The morning of hunt day 3 John shot an axis doe from a ground blind and Joe and I slept in till about 7am while John was hunting we caped out the 2 Axis bucks because we were taking them home to Missouri and all deer have to have their brain and spinal column removed. When we loaded up our coolers we estimated that we had over 400lbs of bone in meat to take home. The hunt was very fun. It is not a gimmie. Especially the axis, they are on alert all the time. I have no complaints about anything. I am going to go again.
 
Posts: 3 | Registered: 15 March 2019Reply With Quote
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Pretty consolation prize of a hunt I would say. Glad you and your friends had fun.
 
Posts: 178 | Registered: 07 May 2018Reply With Quote
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Sounds like you had a great hunt. Congrats! I have always wanted to get a nice axis buck and a good blackbuck free range. Pakistan is way more than my disposable income can withstand and Argentina is problematic for getting the trophies home. That just leaves Texas and I like Texas but I have mostly had poor feedback on the axis and blackbuck hunts from clients I guided that had done those hunts. Most seemed to be on high fenced ranches that were not particularly large and the hunters said it was not much of a hunt.

Large free range ranches in Texas is a viable option. Smiler


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Posts: 1495 | Location: Northwestern BC | Registered: 21 July 2006Reply With Quote
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Axis have gone free range pretty much all over the hill country of Texas, blackbuck quite a bit less, they don't jump fences and there is a lot of sheep fence in that part of the state. I don't know of any free range scimitar......
 
Posts: 39028 | Location: Crosby and Barksdale, Texas | Registered: 18 September 2006Reply With Quote
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JTEX, I had never seen free range scimitar either myself, but a month ago we were meat hunting some axis does just South of Sonora on a 3000 acre low fenced property.....and there they were. About 15 of them. We actually saw them twice over a 3 day period and I was surprised to say the least. Saw lots of blackbuck too. Seems the axis population has exploded there as well.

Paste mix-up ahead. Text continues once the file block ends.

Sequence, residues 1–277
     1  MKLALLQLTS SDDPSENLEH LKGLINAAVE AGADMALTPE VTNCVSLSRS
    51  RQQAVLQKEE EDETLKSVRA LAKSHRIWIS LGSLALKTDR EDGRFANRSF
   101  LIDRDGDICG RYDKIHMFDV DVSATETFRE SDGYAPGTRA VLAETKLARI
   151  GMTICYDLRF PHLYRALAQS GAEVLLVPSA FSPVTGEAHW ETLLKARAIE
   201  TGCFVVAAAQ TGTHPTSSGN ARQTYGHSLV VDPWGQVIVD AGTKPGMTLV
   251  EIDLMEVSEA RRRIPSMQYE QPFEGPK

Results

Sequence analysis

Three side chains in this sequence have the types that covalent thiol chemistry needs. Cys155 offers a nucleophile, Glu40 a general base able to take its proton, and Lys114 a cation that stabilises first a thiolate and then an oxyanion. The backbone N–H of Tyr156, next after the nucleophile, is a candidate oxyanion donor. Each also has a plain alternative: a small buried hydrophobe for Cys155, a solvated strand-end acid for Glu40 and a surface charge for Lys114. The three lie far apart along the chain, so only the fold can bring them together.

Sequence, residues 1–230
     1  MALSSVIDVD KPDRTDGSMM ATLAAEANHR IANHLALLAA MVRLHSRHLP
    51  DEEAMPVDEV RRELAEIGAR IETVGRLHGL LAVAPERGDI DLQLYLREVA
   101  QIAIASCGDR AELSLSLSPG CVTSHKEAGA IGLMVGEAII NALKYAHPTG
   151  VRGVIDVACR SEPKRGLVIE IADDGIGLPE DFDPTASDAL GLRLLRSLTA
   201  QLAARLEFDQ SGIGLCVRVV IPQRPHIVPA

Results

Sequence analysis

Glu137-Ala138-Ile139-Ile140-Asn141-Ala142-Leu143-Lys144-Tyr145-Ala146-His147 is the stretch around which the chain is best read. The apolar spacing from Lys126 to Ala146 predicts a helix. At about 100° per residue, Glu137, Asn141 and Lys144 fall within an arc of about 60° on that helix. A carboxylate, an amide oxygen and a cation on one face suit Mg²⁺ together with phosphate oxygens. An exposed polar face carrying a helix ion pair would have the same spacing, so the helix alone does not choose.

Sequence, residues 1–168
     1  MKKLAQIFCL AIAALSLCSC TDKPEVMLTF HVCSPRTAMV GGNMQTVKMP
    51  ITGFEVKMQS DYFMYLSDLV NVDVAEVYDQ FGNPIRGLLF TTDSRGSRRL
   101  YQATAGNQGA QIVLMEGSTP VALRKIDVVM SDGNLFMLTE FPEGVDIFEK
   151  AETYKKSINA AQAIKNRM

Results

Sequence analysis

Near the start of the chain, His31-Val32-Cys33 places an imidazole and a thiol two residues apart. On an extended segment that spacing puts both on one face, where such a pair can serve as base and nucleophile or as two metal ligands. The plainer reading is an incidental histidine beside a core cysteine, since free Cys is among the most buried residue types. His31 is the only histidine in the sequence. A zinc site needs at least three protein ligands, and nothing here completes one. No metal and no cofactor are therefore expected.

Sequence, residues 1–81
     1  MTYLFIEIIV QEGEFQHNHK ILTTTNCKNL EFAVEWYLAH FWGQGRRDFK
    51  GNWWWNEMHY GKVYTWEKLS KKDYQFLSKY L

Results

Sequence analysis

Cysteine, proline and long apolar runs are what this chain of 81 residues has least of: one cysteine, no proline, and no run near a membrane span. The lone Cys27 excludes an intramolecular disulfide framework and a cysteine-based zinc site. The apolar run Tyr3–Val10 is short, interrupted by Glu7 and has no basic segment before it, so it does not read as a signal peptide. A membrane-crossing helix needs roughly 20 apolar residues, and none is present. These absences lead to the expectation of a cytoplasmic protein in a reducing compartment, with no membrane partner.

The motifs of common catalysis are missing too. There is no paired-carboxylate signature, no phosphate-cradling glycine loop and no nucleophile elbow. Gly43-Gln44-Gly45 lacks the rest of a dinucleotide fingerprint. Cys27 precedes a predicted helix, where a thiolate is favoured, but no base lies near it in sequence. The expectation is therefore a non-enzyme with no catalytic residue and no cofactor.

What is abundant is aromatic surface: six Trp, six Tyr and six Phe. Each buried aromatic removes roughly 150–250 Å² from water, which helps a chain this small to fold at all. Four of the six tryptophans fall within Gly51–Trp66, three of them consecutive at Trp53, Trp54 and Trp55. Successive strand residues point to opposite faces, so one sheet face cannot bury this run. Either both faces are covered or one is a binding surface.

Posts: 30 | Registered: 10 June 2020Reply With Quote
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Hmmmmm......first I've ever heard of it. I'll be darned.

I guess animals get loose. I killed an elk on my place in Barksdale this spring. First I've ever heard of scimitar....all I've been around have acted tame like livestock....
 
Posts: 39028 | Location: Crosby and Barksdale, Texas | Registered: 18 September 2006Reply With Quote
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Originally posted by JTEX:
Hmmmmm......first I've ever heard of it. I'll be darned.

I guess animals get loose. I killed an elk on my place in Scarsdale this spring. First I've ever heard of scimitar....all I've been around have acted tame like livestock....


I had never heard of it either, and I agree with your assessment. The scimitar just stood there and watched as we walked by. Not spooked at all. I guess when you get in the right place there's not telling what animal can show up anymore.
 
Posts: 30 | Registered: 10 June 2020Reply With Quote
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Indian Head ranch near Del Rio has free range hunts for Oryx and Addax. I "think" they use high cliffs on the Devil's River as a natural fence and can call free range.